Modern mobile operating systems implement an ask-on-first-use policy to regulate applications’ access to private user data: the user is prompted to allow or deny access to a sensitive resource the first time an app attempts to use it. Prior research shows that this model may not adequately capture user privacy preferences because subsequent requests may occur under varying contexts. To address this shortcoming, we implemented a novel privacy management system in Android, in which we use contextual signals to build a classifier that predicts user privacy preferences under various scenarios. We performed a 37-person field study to evaluate this new permission model under normal device usage. From our exit interviews and collection of over 5 million data points from participants, we show that this new permission model reduces the error rate by 75% (i.e., fewer privacy violations), while preserving usability. We offer guidelines for how platforms can better support user privacy decision making.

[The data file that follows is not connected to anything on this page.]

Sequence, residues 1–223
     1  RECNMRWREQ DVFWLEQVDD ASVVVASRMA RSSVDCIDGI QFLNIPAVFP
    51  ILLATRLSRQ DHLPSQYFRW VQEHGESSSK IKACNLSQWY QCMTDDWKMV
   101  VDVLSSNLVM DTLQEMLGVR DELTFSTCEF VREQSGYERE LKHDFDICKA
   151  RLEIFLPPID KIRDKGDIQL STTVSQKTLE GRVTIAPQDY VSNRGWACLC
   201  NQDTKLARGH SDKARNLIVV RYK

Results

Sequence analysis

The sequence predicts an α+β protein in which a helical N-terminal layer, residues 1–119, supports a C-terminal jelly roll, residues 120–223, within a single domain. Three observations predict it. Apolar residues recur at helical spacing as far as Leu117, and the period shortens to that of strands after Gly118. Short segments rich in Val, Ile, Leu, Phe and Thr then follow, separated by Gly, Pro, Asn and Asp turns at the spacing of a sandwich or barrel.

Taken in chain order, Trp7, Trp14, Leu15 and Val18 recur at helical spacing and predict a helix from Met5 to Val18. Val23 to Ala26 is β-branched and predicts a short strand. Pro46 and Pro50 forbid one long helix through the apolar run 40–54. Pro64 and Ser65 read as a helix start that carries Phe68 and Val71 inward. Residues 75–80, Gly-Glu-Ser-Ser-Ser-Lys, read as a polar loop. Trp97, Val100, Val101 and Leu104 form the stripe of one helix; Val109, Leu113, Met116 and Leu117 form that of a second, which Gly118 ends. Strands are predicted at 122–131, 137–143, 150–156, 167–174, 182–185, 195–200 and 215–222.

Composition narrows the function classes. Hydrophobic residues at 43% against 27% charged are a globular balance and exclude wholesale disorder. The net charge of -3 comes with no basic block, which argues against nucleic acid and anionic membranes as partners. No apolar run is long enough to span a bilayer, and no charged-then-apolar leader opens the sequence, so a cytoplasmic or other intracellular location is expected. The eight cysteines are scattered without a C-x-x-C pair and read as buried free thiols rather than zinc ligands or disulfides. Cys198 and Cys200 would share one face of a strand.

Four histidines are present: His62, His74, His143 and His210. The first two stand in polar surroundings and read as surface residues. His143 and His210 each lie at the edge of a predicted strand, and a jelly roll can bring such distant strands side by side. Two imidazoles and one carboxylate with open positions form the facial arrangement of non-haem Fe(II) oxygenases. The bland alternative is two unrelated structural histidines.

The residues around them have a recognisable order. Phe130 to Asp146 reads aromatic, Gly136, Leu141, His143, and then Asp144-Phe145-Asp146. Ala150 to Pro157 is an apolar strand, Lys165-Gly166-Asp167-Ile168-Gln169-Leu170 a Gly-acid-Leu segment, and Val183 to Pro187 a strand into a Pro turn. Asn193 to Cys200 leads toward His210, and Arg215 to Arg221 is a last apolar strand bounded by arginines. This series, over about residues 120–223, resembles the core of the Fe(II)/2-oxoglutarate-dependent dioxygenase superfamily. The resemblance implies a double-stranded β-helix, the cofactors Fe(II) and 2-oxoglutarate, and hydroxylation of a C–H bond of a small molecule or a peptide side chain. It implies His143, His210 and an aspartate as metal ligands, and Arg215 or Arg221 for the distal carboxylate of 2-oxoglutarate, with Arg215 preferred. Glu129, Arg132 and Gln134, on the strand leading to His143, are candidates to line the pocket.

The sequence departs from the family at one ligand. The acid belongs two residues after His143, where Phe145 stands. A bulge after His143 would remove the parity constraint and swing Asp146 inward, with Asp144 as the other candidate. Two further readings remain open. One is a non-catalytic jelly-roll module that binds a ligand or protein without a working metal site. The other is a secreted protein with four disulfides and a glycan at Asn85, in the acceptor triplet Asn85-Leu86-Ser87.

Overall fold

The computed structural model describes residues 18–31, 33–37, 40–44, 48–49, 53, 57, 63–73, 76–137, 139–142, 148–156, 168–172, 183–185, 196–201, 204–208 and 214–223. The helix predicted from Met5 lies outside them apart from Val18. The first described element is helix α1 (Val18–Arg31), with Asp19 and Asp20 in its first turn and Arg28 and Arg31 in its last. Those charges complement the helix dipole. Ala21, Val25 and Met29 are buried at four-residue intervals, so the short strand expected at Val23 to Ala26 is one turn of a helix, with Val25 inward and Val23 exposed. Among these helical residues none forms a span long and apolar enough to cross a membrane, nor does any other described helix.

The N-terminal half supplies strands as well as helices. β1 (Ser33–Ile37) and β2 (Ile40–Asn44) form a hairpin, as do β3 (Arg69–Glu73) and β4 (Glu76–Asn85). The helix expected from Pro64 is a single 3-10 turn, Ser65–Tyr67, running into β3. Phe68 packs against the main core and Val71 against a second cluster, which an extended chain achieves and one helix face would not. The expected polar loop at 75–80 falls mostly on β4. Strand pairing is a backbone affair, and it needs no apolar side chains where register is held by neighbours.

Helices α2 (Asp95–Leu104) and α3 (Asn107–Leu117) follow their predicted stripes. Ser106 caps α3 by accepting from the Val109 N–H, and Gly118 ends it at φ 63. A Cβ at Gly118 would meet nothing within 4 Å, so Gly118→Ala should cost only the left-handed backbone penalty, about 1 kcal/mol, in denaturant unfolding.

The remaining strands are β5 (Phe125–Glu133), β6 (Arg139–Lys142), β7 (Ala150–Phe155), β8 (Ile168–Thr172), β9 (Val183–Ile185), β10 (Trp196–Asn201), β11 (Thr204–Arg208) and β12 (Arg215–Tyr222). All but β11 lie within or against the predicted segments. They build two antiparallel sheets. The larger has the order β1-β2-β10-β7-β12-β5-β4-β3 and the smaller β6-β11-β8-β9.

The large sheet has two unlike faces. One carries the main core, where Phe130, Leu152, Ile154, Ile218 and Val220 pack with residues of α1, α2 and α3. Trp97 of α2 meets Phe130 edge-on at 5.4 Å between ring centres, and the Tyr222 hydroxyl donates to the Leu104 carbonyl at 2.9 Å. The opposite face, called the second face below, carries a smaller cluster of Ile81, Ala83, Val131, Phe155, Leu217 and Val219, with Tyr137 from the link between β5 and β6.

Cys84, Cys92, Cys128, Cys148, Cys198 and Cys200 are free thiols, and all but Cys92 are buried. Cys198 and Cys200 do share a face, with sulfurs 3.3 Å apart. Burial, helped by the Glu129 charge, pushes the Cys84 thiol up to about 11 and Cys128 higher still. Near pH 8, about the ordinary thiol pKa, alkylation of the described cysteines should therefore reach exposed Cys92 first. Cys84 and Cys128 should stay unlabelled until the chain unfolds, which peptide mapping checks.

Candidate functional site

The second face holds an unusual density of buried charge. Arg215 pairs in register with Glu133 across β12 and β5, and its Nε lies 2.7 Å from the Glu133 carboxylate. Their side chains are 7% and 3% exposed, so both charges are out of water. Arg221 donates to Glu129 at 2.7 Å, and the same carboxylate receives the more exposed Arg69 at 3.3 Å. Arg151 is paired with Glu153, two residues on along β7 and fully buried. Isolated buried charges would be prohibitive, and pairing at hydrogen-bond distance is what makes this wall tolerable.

Primal Wijesekera, Joel Reardon, Irwin Reyes, Lynn Tsai, Jung-Wei Chen, Nathan Good, David Wagner, Konstantin Beznosov, and Serge Egelman. Contextualizing Privacy Decisions for Better Prediction (and Protection). Proceedings of the SIGCHI Conference on Human Factors in Computing Systems (CHI ’18), 2018.